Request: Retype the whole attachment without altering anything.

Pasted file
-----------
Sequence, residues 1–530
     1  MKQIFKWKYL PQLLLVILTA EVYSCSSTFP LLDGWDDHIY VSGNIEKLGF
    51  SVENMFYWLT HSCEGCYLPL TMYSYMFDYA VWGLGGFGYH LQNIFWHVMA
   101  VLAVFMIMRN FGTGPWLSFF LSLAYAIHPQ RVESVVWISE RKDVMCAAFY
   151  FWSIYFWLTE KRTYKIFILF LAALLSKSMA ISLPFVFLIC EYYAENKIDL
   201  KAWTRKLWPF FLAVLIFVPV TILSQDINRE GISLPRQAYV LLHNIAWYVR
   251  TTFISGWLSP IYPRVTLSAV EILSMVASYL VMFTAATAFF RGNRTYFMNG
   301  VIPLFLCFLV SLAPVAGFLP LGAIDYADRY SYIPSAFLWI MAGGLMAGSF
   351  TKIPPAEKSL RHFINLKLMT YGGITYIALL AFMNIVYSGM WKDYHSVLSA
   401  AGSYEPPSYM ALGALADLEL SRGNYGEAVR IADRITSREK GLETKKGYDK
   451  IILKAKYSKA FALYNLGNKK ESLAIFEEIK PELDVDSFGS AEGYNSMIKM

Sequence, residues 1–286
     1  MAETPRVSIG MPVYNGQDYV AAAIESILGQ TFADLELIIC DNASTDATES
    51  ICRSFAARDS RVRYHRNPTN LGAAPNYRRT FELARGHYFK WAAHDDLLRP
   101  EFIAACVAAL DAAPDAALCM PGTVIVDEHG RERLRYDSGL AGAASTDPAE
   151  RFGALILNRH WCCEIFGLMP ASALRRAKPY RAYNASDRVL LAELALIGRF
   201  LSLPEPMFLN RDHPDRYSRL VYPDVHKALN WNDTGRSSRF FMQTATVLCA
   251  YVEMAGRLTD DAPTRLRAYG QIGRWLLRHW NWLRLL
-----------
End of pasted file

Sequence, residues 1–530
     1  MKQIFKWKYL PQLLLVILTA EVYSCSSTFP LLDGWDDHIY VSGNIEKLGF
    51  SVENMFYWLT HSCEGCYLPL TMYSYMFDYA VWGLGGFGYH LQNIFWHVMA
   101  VLAVFMIMRN FGTGPWLSFF LSLAYAIHPQ RVESVVWISE RKDVMCAAFY
   151  FWSIYFWLTE KRTYKIFILF LAALLSKSMA ISLPFVFLIC EYYAENKIDL
   201  KAWTRKLWPF FLAVLIFVPV TILSQDINRE GISLPRQAYV LLHNIAWYVR
   251  TTFISGWLSP IYPRVTLSAV EILSMVASYL VMFTAATAFF RGNRTYFMNG
   301  VIPLFLCFLV SLAPVAGFLP LGAIDYADRY SYIPSAFLWI MAGGLMAGSF
   351  TKIPPAEKSL RHFINLKLMT YGGITYIALL AFMNIVYSGM WKDYHSVLSA
   401  AGSYEPPSYM ALGALADLEL SRGNYGEAVR IADRITSREK GLETKKGYDK
   451  IILKAKYSKA FALYNLGNKK ESLAIFEEIK PELDVDSFGS AEGYNSMIKM

Sequence, residues 1–286
     1  MAETPRVSIG MPVYNGQDYV AAAIESILGQ TFADLELIIC DNASTDATES
    51  ICRSFAARDS RVRYHRNPTN LGAAPNYRRT FELARGHYFK WAAHDDLLRP
   101  EFIAACVAAL DAAPDAALCM PGTVIVDEHG RERLRYDSGL AGAASTDPAE
   151  RFGALILNRH WCCEIFGLMP ASALRRAKPY RAYNASDRVL LAELALIGRF
   201  LSLPEPMFLN RDHPDRYSRL VYPDVHKALN WNDTGRSSRF FMQTATVLCA
   251  YVEMAGRLTD DAPTRLRAYG QIGRWLLRHW NWLRLL